Notes from Jerusalem: Proportionality and Parents
Rochel SylvetskyRochel Sylvetsky is op-ed and Judaism editor of Arutz Sheva English. She...
A good deal has been said in criticism of Israel's strong response despite the lack of success of Hamas rocket barrages in achieving their diabolical objectives. Israel has been accused of non-proportionality in its response, as (thank G-d) not enough Israelis have been killed for the ratio to approach the number one.
I suggest we ask these critics to compare proportionality of intent instead of proportionality of results.
Hamas wants to eradicate the State of Israel and kill every last one of us. They announce it at every opportunity. They just haven't succeeded.
We want to stop the rocket launchers and eliminate the tunnels. We would be happy to do that without hurting a hair on any Gazan child's head.
Is anyone out there in the UN, EU or the White House willing to challenge Hamas on this new definition of proportionality?
Who are the Innocent Gaza Civilians?
Taking the children out of the equation, since after all, they don't register themselves for Hamas summer training camps, there is still the question of their parents.
Gaza residents have not protested the launching of rockets at Israeli children. That is a no brainer. They hate us and want to see us dead.
But why aren't hundreds of thousands of parents in Gaza filling the main square to protest the placing of launchers endangering their children in private homes and schools?
And don't tell me they are afraid of Hamas. If millions of Egyptians could get in touch with each other anonymously on Facebook, using Twitter and text messages and then go out to face Mubarak and later Morsi at Tahrir Square, braving superior armed forces, so could Gazan "civilians".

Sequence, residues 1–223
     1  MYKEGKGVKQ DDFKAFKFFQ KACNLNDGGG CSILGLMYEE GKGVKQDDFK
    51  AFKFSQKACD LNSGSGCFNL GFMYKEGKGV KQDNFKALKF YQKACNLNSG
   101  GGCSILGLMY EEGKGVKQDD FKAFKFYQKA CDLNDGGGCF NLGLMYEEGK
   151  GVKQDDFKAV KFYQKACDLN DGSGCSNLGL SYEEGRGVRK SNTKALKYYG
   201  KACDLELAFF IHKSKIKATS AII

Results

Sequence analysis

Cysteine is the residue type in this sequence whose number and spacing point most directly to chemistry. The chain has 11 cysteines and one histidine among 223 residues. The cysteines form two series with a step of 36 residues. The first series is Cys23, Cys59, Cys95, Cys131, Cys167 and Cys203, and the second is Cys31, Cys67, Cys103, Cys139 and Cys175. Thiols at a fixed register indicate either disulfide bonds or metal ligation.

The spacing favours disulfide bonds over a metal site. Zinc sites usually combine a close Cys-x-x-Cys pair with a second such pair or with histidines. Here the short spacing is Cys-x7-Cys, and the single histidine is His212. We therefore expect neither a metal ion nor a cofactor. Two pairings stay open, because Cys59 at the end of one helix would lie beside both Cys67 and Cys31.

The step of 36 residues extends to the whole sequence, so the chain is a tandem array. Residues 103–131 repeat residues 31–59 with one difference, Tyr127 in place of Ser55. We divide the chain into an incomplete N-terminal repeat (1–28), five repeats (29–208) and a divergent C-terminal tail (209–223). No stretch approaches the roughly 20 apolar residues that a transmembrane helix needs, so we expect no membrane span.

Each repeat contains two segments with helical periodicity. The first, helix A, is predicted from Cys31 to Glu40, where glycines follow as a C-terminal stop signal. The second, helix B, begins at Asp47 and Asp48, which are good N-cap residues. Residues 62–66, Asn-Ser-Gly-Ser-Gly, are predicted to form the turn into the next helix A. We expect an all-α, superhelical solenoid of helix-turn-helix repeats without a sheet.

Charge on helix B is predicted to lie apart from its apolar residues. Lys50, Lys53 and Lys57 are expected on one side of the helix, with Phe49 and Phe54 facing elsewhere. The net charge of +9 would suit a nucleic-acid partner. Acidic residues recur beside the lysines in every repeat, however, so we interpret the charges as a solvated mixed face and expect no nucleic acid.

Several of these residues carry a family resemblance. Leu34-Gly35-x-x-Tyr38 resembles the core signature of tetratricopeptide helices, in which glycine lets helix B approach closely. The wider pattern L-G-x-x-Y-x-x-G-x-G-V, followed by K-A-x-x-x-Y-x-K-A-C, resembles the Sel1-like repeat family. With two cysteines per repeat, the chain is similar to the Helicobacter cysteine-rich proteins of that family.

Things have changed in the cyber age. No one would know who had initiated the protest.
It hasn't happened. They don’t care. It seems that Golda Meir was right. They still don't love their children more than they hate us.
Israel's Mood Music
Israeli songs have a special beauty of their own, but they are rarely on the radio, except for the few specific hours allotted to them on one or two stations.
So if you turn on the radio in Israel and hear the much loved songs of Israel and the patriotic songs of the IDF on almost every station, you know that war has broken out or that something terrible has happened in that war or on a national scale. Everyone here knows that.
On Friday morning, that music is what told anyone who didn't stay awake Thursday night that there was a Gaza invasion.
This morning the national radio station was playing "Lemaan achay vere-ay adabra na shalom bach" – "for the sake of my brothers and friends, I will say may peace be within you", from Psalms 132. Then came a serious song by religious guitarist-singer Yosef Karduner. The knot in my stomach, the one that forms whenever IDF soldiers are fighting, tightened.
Several hours later, I tuned in again and heard the cheerful, popular song – actually written about a bad day with Israel's bureaucracy - whose refrain is something of a national maxim: "We survived Pharaoh, we"ll survive this too."
And we will, with G-d's help.
But it is hard to breathe, especially when you already know that the other music will be on again soon.